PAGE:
Hag Stones

I have inadvertently started a collection of hag stones. Not intentionally, I just find them rather intriguing and can’t help picking them up…

There seems to be a long history of humans fascinated by natural holes. Large stones with holes in them, such as the Tolmen Stone on Dartmoor, have been used for people to pass through in initiations for thousands of years. If it is difficult to access, or dangerous to egress, so much the better. Caves have formed a similar purpose, particularly when it is possible to emerge somewhere other than where you entered.

Initiation by a stone works because it changes the consciousness of the person passing through. In shamanic journeying, it is usually necessary to find a natural hole to pass into different worlds; a hole you can physically pass through means you also take your body with you. A hag stone is a tolmen on a small scale, as only your consciousness may pass through. For this reason they can be a useful aid when you want to look at something in a different way, and I have used them for middle earth travel. This may be why they gained the reputation of being a way to see fairies.

Holes have also been thought to cure disease, or infertility. Where a holey stone of the right size cannot be found, then for cures trees were often used; these have the added benefit that the hole can be sealed up again by binding the tree back together and the time of spell is lengthened to include the regrowth of the tree.

The hole can be used as a doorway or portal even without passing through it, in order to draw or repel energy. For example, they can bring luck, or wealth, or protection, and banish misfortune, poverty or psychic attacks. Common places to find them in use are attached to fishing lines or nets, to keys, or as an amulet. They have also been used for divination, looking at the moon through the hole.

Here is my collection, found on various beaches around the British Isles. Most of the holes have probably been made by bi-valve molluscs to live in, when the stones were still attached to bedrock.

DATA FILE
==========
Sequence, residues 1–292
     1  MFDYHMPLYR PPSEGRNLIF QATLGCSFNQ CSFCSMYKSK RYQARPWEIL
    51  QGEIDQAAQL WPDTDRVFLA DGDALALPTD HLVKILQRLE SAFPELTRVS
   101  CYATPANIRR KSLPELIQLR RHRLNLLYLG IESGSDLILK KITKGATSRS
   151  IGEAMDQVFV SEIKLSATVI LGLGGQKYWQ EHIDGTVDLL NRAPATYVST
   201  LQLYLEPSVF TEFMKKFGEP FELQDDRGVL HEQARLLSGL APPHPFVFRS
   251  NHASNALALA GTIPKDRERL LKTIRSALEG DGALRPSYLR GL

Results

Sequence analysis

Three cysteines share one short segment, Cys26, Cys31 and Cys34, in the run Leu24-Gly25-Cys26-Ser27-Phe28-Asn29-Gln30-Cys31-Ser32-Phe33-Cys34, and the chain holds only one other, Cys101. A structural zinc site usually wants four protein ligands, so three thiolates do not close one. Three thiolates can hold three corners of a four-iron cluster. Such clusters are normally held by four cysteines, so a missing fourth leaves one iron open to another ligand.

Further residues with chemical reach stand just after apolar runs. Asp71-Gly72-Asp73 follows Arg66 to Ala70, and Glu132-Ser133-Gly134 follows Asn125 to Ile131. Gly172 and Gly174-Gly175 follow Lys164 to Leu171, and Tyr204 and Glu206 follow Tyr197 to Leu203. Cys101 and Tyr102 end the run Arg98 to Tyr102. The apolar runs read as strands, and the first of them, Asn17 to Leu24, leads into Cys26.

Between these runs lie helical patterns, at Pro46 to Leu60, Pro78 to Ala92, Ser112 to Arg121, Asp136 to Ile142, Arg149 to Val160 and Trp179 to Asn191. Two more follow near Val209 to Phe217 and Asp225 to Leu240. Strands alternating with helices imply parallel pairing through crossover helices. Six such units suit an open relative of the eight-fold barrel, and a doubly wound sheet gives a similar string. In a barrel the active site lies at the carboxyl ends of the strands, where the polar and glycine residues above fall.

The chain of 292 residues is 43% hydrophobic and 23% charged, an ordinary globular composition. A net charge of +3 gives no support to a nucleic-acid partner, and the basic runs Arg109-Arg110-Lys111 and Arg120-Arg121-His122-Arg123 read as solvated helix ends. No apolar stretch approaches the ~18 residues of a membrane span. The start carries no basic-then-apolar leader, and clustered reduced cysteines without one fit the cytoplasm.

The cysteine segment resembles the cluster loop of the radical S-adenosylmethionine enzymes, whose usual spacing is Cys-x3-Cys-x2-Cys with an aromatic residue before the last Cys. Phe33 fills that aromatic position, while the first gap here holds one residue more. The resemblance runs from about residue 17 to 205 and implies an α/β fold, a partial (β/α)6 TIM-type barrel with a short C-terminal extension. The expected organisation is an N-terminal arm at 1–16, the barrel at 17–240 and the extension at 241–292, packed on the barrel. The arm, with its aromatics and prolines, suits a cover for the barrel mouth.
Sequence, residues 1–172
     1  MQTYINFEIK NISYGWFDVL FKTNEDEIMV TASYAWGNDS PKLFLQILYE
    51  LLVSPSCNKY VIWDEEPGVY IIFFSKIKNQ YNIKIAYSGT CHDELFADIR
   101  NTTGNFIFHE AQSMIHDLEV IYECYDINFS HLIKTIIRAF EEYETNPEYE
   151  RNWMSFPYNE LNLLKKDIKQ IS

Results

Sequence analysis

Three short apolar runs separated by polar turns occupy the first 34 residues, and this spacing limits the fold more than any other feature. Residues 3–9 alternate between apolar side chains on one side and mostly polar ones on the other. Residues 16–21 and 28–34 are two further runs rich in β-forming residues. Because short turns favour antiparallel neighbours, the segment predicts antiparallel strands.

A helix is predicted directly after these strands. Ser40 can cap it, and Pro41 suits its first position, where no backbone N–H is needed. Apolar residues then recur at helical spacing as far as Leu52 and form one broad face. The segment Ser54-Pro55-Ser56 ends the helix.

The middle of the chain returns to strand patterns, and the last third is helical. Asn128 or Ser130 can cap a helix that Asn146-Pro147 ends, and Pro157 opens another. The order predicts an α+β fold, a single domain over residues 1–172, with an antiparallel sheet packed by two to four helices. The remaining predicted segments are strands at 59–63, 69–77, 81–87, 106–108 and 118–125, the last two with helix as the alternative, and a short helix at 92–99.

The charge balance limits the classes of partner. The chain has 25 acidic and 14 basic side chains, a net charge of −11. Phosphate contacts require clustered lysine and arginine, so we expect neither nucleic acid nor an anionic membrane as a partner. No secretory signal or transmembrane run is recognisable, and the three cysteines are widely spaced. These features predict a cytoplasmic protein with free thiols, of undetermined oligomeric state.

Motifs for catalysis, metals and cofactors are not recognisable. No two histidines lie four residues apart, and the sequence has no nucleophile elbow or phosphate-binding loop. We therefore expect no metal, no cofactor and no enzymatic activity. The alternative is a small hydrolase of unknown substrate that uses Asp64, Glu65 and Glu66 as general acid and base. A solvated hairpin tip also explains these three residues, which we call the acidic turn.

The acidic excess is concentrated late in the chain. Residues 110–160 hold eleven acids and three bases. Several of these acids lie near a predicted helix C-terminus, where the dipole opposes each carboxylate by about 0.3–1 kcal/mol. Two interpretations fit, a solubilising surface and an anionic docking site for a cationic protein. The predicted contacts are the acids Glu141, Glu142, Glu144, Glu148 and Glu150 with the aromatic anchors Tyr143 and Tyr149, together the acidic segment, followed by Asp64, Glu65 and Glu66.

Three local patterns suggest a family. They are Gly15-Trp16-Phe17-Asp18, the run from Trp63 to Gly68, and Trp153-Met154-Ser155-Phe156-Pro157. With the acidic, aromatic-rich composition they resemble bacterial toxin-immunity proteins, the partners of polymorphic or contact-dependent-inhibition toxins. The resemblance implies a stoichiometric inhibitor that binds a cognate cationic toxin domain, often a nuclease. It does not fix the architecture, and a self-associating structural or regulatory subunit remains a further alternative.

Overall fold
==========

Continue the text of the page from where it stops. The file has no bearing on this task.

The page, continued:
Hag stones

Hag stones

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Walking Barefoot and Remembering

I wrote a little over a year ago about my rediscovery of going barefoot, and how I discovered it helps to keep me connected and open to Mother Earth. Life flows when I am in touch with the Earth, and stops when I cut myself off.

A year on, and I am still suffering from the practical point of how to keep my feet warm enough. Wearing socks around the house seems to be a good compromise for me, but except on rare occasions I have been unable to go barefoot outside. Until last week.

The sandy beaches of Northumberland called to me, and I took my shoes off. A wonderful feeling. I stood in the sea, letting the waves run around my ankles, and had a huge feeling of knowing I had been there before. In that place on Bamburgh beach, hundreds of years ago. I looked out and knew the place, knew it was right that I had returned. Thanks to the protection of the Farne Islands, and Lindisfarne in particular, it had changed less with the passing of time than many other beaches to the South, although I think the castle and certainly the lighthouse had been built since. I knew then, if I hadn’t fully known it before, that it is time for me to start remembering who I was in previous lives so that I truly know who I am now and what I am here to do.

There have been a number of aspects to this remembering and reconnecting, but this was the first that really spoke to me so I’m writing about it first. More may follow as it feels appropriate. Ultimately my aim in remembering past lives is to know the lessons I wished to learn from them, so that I may fulfil my purpose in this life. I have long felt that this life will be my last. As part of this, I have found it interesting to realise how my remembering that area of Northumberland makes sense for several of my interests – a fascination with eighth and ninth century English history, a draw towards Celtic parts of Britain and their later history and myths, and particularly Celtic writing and knot work such as forms my Sorrel leaf image. I have also had a huge amount of discomfort towards Viking and Anglo Saxon history of the same period…

Bamburgh beach felt like somewhere I had been pleased to reach, having lived elsewhere and travelled East to greet the sea. A pilgrimage possibly, for which reaching the beach was an achievement but not the end of the journey. It reminded me of my own wish to walk the ‘Wainwrights’ in Cumbria.

Later in the week I was barefoot on another beach less than five miles away, and was amazed I had none of the same feelings of recognition. Lovely beach, almost identical sand and waves, but not remotely familiar to me.

My other discovery however was finding that I could carry M for miles in the carrier, barefoot along the beach or in the sea, with far more ease than I normally carried her with my shoes on. We were part of the same Earth that I was connecting with, who supported us fully and completely. She was part of me, and we were both part of the Earth.